by Metiria Turei
The Green Party’s election victory in the Baden-Wurttemberg state parliament highlights the emergence of the Green movement as a major political force.
For the first time in Germany the Greens will lead a coalition government with the traditional left party, the Social Democrats, taking the minor party role.
The road to political success for the Greens has been a long one. Former German Chancellor Helmut Schmidt dismissed the Greens saying, “They’re just environmental idiots who will have disappeared again soon,” and similar things have been said about us here in Aotearoa.
It isn’t surprising people around the world are rejecting this analysis and changing their vote to Green in big numbers. We currently face the triple threats of inter-connected environmental, economic and social problems of a scale unseen in human history. Climate change, peak oil, the global financial crisis, and massive social inequality all stem from the traditional political orthodoxy and the traditional political parties have no new ideas on how to fix these problems. As Einstein said, “we can’t solve problems by using the same kind of thinking we used when we created them.”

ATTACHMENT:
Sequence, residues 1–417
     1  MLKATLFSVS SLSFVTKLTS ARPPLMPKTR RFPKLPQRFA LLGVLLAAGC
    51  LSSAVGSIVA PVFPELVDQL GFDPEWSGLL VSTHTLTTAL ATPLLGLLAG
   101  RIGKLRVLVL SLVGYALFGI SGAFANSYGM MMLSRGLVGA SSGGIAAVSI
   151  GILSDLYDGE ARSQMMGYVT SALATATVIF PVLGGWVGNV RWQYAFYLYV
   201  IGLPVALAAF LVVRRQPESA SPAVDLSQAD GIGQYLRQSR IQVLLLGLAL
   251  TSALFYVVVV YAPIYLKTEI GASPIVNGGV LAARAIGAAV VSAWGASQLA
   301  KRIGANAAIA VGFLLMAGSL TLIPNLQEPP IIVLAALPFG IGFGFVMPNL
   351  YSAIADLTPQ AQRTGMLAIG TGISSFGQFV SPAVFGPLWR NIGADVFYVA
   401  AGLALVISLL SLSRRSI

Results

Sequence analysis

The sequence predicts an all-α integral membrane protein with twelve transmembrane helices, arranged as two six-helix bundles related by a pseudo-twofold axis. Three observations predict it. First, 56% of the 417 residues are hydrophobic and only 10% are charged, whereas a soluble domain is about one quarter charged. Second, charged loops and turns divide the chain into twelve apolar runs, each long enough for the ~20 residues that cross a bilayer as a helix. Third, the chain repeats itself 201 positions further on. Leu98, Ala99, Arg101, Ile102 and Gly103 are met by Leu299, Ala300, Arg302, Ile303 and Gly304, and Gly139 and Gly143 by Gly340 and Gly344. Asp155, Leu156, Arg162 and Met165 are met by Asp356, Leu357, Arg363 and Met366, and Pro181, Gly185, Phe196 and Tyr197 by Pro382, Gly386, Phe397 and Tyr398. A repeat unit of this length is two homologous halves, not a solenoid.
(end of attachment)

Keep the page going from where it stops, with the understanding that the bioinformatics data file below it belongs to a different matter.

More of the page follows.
Green parties across the globe offer new thinking to address these problems we all face. Whereas ten years ago we may have been seen as fringe and the thought of voting for us a luxury, our issues are now at the centre of the political debate and our alternatives form serious policy options.
German voters have turned their traditional political structure on its head by voting Green in big numbers due to the failure of the traditional left and right parties to deal with the issues their country is facing. New Zealand voters face similar dilemmas. At our election in November we too can vote for real change by giving smart Green ideas the big tick at the ballot box.